Also for the record, I couldn’t give a crap about Brad Pitt’s personal life nor his acting career.  Same goes for Angelina Jolie.  Now, if you have some revealing photos of Emily Ratajkowski, I’ll take a look.  She’s smoking HOT, even if her body’s been assembled in six different warehouses.  But as gorgeous as she is, I don’t care to know anything about her.  I wouldn’t believe what’s said about her and wouldn’t care about the confirmed truth.  She’s not in my circle of reality.

But all of the media attention that’s going to the breakup of the year – if not the decade – is unwarranted.  Don’t we have 20 or 200 things that are more important, interesting, or useful to our lives that deserve attention and public debate?  Or is it because so many other things need to be addressed that we find it easier to get distracted by the ruined lives of two people who seemingly had it all – fame, fortune, beauty, hot spouse, and great career?  We would rather be a voyeur to those people and to celebrate their misery than to live our own lives with success and fulfillment.

If you want to promote your book, you need to tie into the news cycle of the day, and tap into the mentality that drives the news media.  Take anything you want to say and express it through a Bradgelina filter.  Try it:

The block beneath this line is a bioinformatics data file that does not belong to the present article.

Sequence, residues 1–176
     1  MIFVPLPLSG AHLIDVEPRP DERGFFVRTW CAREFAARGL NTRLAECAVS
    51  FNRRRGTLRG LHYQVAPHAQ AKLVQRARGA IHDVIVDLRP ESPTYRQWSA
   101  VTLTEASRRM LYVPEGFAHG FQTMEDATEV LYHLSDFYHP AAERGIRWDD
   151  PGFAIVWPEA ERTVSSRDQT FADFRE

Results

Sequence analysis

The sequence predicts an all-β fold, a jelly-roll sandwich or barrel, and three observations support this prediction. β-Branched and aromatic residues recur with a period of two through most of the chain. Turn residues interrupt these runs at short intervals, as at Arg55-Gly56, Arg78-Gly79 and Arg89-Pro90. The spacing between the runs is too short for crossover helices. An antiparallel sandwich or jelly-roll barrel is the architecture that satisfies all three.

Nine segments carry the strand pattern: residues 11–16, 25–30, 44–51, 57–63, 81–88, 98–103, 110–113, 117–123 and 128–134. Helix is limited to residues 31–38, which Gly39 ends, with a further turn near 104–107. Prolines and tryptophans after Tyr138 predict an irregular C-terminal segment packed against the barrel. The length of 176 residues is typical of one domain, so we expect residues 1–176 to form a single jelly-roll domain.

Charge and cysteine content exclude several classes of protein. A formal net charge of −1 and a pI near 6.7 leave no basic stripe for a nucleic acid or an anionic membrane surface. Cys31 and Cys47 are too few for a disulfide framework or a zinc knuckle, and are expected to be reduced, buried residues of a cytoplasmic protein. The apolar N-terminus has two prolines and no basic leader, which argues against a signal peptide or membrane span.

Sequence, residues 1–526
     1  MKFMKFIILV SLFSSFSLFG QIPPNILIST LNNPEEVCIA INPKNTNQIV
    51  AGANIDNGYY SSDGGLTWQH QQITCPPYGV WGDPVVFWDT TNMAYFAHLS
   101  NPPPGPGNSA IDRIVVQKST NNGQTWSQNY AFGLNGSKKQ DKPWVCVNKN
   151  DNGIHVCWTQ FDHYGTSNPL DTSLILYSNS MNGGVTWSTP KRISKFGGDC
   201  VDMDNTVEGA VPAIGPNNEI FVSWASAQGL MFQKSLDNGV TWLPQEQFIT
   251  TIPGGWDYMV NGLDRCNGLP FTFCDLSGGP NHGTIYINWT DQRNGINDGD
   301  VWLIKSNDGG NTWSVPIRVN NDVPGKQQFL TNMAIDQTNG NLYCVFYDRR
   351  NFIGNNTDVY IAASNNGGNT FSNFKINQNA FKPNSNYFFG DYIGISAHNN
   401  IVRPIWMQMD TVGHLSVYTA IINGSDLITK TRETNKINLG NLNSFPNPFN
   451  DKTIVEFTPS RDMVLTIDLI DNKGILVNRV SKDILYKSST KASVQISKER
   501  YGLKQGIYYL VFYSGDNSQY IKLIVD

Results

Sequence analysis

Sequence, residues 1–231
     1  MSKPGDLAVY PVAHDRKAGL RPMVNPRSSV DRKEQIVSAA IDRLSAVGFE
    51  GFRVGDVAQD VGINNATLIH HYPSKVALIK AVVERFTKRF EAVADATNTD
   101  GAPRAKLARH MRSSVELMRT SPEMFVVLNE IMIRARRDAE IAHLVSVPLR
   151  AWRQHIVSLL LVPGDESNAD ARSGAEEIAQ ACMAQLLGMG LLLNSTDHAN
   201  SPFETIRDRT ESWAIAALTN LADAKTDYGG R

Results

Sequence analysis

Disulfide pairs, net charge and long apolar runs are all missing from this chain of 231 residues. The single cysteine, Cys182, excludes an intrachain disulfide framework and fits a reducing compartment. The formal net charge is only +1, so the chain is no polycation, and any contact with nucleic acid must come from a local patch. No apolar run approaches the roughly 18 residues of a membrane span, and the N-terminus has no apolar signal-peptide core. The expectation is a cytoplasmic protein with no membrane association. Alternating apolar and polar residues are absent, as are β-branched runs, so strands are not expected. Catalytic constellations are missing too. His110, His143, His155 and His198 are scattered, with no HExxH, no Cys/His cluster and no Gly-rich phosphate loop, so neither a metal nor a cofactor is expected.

How to avoid a bad break-up like Brad-Angelina.

Divorce Law:
When should a dad let his ex-wife keep the kids?  Why should Brad give Angelina his kids?

Could two competing spouses in the same industry hurt a marriage?  Would Brad and Angelina still be together if they didn’t work in Hollywood?

What will Brad & Angelina want from one another at the bank?

Why do spouses cheat on gorgeous spouses?  5 Reasons why Brad cheated on Angelina?

Real Estate
Where should a divorced, wealthy bachelor live?  Will Brad Pitt move far away from home?

Get the idea?  It’s six degrees of Brad-Angelina. Express your media pitch based on their breakup.  I don’t care if your book is about dieting.  Try this:  Did Angelina get too fat for Brad?  How to workout and save your marriage.  Is your book about skin care and looking younger? Why Angelina wasn't pretty enough for Brad:  How to look younger to keep your man. Maybe you wrote about parenting, cooking, or barbecuing.  It doesn’t matter.  Express your pitch in a Brad-Angelina framing and you’ll get some attention.

Now, you can’t just have a headline that lures one in and the rest of the pitch fails to link to Brad-Angelina, so be sure to carry through on your theme.  Express your pitch with bullet points that relate to them.